Saturday, January 15, 2011

IBM supercomputer Watson beats humans in Jeopardy

In May 1997, IBM's Deep Blue Supercomputer played a fascinating match with the reigning World Chess Champion, Garry Kasparov. Overall, Deep Blue won 2 games, 3 draws, and one loss. (See IBM Deep Blue page here)

Chess is a very logical game with a large, but limited number of possible moves. The real challenge for computers is still naturally spoken language, with all it's subtle contextual meanings, puns, irony, and word plays. Now a team at IBM has taken on the challenge of natural language processing with the Watson project (See IBM Watson page here)

Watson is a supercomputer the size of ten refrigerators that is able to analyze natural spoken language and generate an answer in natural language. An IBM team of scientists spent four years building the Watson computer system that can rival a human in answering questions posed in natural language. The team decided to have Watson compete against human players in the popular TV show "Jeopardy" which is a good testing ground for it's language analysis capabilities. In a first machine vs man test round, Watson beat the two all-time best Jeopardy players Ken Jennings and Brad Rutter. More rounds will take place next month. Read more here: IBM supercomputer wins first Jeopardy dust up - Computerworld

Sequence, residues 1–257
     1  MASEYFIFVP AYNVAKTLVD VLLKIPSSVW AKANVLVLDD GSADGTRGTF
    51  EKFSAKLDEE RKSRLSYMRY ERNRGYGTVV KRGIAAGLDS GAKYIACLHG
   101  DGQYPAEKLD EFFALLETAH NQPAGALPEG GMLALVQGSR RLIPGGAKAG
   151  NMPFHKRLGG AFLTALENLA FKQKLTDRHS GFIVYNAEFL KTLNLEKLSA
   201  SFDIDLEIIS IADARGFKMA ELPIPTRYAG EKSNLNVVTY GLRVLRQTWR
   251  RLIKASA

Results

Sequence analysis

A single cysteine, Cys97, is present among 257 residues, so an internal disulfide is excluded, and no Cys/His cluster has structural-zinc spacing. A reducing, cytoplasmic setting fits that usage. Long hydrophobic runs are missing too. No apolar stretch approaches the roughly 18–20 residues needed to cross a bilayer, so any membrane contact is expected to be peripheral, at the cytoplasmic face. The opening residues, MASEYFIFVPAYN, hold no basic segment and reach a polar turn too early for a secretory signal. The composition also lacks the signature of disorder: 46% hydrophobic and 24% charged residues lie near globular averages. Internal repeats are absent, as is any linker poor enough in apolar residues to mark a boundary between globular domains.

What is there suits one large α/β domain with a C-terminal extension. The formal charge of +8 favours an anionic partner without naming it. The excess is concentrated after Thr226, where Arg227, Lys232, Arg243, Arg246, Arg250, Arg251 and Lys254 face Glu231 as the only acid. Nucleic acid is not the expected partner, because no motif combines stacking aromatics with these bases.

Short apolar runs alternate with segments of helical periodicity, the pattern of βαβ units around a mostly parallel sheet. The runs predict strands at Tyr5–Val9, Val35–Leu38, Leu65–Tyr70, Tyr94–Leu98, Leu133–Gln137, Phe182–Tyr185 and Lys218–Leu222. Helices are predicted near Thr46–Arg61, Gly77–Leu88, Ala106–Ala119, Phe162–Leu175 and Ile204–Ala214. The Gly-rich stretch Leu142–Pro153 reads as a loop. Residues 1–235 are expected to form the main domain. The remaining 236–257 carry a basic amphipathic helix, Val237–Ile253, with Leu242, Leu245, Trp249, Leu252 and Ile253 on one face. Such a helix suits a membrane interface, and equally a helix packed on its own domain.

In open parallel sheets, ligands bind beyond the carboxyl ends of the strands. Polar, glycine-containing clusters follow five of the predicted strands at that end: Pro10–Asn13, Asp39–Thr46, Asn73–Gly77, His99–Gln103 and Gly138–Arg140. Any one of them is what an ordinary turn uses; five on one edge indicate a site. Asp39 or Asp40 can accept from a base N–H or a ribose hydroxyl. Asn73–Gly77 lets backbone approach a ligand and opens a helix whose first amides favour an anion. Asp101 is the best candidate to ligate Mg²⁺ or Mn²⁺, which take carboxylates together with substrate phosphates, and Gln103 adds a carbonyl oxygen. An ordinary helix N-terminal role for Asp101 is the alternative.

Despite the impressive progress of IBM's Watson, it will still take awhile until we can naturally talk to computers, as envisioned by Apple back in 1987:

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